My first job as an instrumental music teacher was an eye-opening experience. I taught 4th through 8th graders in a small district. I was the only instrumental music teacher in the school, which meant I had no one to collaborate with. The program was in its infancy and I was hired in the hopes of building it up from ground level.
As a first year teacher, I had to prove myself to a new district. I had new children to get to know and to convince I was a good teacher. I had to recruit new children into the program, and I had to keep them all interested in music enough to deter them from quitting when baseball season came along. On top of this, I had to prove to myself that I was able to juggle the crazy schedule and deal with parents and teachers that were less than sympathetic to the program.
My colleagues in the district could not understand what I was up against. They were classroom teachers, albeit with their own set of problems, but they had small classes of 15-20 students each. I had upward of one hundred students in my fourth grade band. And they weren’t responsible for putting on a concert in front of the entire faculty, student body, staff and parents twice a year, which can be terrifying even to a person trained in the field.
As the year progressed, my stress level escalated. What started out as a career centered on my passion for music soon became a stress-filled routine. I needed something to bring the life back into me and my teaching. Half-way through the year, I attended the Music Educator’s Conference—a two-day forum filled with workshops, panel discussions, concerts, and other helpful activities all centered on the love of music.
I met music educator friends of mine whom I hadn’t seen for a while and we talked about methods and teaching situations. I visited the vendor booths and got free items to promote teaching. I browsed through scores and scores of new music, picking out a few that I thought my kids would love to play. I was energized by the speakers who through their words put the love of music back into my heart. Overall, I came home with a renewed love for my craft, a new desire to teach, and a positive outlook that I could pass along to my students. It was well worth it.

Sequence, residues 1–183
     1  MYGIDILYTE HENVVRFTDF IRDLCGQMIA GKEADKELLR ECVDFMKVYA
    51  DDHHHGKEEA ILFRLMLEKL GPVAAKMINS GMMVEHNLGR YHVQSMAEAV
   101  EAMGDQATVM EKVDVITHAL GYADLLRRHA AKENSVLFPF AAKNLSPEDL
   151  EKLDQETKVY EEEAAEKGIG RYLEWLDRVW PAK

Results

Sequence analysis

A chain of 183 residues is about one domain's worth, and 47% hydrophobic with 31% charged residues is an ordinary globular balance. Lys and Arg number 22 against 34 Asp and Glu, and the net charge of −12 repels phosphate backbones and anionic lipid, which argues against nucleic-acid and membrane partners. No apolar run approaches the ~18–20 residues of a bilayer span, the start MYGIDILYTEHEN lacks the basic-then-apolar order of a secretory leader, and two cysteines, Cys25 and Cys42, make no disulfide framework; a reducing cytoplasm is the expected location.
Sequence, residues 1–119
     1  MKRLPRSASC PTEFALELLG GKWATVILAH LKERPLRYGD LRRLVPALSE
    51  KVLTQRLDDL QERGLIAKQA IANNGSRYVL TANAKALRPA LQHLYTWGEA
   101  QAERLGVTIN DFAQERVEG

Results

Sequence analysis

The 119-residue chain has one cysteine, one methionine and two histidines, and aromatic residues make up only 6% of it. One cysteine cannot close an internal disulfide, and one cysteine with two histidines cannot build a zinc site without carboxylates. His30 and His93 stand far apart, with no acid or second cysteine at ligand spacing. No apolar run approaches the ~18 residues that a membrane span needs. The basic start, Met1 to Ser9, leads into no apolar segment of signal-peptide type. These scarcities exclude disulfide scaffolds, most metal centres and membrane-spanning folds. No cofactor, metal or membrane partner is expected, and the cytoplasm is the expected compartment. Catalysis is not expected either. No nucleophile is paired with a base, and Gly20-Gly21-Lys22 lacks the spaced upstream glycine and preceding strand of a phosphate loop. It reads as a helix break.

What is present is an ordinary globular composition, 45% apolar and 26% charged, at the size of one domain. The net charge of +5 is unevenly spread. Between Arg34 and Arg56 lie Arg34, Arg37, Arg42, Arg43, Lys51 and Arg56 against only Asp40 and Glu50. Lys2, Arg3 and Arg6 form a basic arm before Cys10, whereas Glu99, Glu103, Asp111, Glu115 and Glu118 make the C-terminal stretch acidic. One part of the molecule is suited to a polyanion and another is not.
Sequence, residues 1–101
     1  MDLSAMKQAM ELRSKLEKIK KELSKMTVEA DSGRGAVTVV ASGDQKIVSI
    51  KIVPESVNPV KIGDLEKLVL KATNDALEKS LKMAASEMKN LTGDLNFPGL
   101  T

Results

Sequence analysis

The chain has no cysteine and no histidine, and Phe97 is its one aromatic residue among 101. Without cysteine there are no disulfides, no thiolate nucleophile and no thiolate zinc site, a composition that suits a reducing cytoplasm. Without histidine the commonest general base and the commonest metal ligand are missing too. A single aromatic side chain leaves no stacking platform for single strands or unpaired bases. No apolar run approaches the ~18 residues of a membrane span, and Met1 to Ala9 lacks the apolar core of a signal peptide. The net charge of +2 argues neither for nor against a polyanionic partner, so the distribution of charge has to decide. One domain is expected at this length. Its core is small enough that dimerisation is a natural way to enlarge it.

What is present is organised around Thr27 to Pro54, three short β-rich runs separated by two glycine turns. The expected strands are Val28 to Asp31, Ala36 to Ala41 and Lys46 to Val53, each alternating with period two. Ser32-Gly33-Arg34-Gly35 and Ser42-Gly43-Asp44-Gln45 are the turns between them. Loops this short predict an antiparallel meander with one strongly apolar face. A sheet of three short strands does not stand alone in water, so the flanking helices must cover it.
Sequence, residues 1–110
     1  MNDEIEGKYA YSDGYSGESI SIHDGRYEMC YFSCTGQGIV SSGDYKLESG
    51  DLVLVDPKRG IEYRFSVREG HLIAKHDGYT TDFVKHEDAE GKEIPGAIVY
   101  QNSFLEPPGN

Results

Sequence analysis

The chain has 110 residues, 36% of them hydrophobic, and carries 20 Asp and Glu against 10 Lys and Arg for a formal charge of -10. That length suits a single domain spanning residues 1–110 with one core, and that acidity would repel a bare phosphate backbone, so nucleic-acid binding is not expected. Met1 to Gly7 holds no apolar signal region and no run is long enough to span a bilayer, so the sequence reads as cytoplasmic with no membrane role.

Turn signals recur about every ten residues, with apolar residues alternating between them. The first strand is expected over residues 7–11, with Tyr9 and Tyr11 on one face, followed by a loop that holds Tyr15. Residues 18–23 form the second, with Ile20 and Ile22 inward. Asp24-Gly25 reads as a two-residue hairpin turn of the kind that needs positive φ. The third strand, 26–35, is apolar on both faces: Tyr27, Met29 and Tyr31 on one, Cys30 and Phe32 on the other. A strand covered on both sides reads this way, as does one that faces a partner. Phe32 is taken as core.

Everyone should have an uplifting conference to go to, to help revitalize their craft. Everyone does…
Conferences have always been part of the true Church of Jesus Christ” (Elder Robert D. Hales, Ensign, Nov. 2013)
If you think about it, what is everyone’s craft? Humanity—doing good deeds to others, being kind, helping others as best as we can. But we can’t do that if we are emotionally weak and our spiritual cupboards are bare. We need a place to go where we can set aside our daily troubles, listen to uplifting speakers and become revitalized about humanity and our role here on earth. We have General Conference, twice a year, for just such a purpose.
“Oh how we need general conference! Through conference our faith is fortified and our testimonies deepened.” (Elder Robert D. Hales, Ensign Nov 2013)